When Egyptian archaeologists opened a 2000-year-old ancient sarcophagus, they found three skeletons and a lot of red, liquid sewage, the country's ministry said Thursday

Discovered earlier this month The mysterious tomb, believed to be the largest in Alexandria, revealed to the Ministry of Antiquities, has provoked international speculation about its content.

"The sarcophagus was opened, but we were not hit by a curse," Mustafa Waziri of Egypt's Ministry of Antiquities said, according to Egypt Today

officials believe that the three skeletons were probably military, the ministry wrote in a Facebook Post. They also believe that a skull may have been hit by an arrow while the sewage is entering the sewage, the ministry added.

The massive tomb was found more than 15 feet below the ground, and archaeologists believe it had not been opened

The skeletons are first brought to a museum in Alexandria to investigate how they died and out What time they come from Ministry said. None of the skeletons seems to be a remnant of Ptolemaic or Roman royal family members, and the tombs have no inscriptions or royal markings, Waziri said after Egypt Today

When the sarcophagus was discovered along with an alabaster head The Ministry of Antiquities said it was too belonged to the owner of the tomb and that it dates back to the Ptolemaic period, around 323 BC. The year in which Alexander the Great died, according to National Geographic. His grave had never been found, the magazine reported.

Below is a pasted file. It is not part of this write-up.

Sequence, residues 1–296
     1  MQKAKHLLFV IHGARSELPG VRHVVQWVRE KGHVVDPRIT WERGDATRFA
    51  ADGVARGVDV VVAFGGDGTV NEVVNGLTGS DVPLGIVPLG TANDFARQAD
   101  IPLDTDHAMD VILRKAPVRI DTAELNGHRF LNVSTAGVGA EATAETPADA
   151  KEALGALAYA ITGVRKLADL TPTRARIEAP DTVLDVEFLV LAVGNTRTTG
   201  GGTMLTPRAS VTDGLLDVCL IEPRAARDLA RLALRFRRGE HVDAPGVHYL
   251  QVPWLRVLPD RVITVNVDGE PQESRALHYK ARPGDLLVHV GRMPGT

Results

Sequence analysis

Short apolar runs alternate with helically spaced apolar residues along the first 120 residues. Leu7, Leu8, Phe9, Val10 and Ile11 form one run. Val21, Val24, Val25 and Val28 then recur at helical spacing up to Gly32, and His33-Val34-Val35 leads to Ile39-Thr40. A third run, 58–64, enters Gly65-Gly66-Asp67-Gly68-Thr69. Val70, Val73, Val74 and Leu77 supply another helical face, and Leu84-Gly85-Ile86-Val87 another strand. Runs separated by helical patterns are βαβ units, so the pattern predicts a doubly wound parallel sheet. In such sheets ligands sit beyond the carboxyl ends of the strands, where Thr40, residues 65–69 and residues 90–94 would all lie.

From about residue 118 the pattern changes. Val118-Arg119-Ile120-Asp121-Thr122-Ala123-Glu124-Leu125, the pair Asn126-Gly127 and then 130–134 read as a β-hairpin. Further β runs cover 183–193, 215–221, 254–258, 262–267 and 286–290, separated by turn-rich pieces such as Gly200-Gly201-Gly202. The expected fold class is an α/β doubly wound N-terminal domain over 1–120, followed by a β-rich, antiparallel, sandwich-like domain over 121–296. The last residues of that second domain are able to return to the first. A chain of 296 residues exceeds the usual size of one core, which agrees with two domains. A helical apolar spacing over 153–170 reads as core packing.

Shortly after its discovery, British news agencies speculated on the contents of the tomb and a possible ancient curse and named a series of deaths following the opening of Tutankhamun's grave at the beginning of the 20th century. 19659006] "Opening old graves can be a risky business," wrote the Sun this month. "It is a widespread belief that a 'curse of the pharaohs' is directed against anyone who disturbs the mummy of an ancient Egyptian person."

The British Outlet The Independent, inter alia, theorized that the grave could contain the remains of Alexander the Great.

"I had calls about it all day," Waziri told the New York Times earlier this month. "People say they might contain Alexander or Cleopatra or Ramses, they do not know what they're talking about."

Waziri said earlier this week that the tomb is likely to belong to a priest, Egypt Today reported.

Contribution: The Associated Press. Follow Ryan Miller on Twitter @RyanW_Miller

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